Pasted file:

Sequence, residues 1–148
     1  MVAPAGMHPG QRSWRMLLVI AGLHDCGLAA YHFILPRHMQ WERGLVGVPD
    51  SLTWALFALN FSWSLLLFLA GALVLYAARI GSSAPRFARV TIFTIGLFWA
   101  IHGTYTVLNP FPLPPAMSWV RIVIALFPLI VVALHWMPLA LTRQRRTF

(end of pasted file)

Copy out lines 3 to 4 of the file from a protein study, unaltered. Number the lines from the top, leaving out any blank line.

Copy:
    51  SLTWALFALN FSWSLLLFLA GALVLYAARI GSSAPRFARV TIFTIGLFWA
   101  IHGTYTVLNP FPLPPAMSWV RIVIALFPLI VVALHWMPLA LTRQRRTF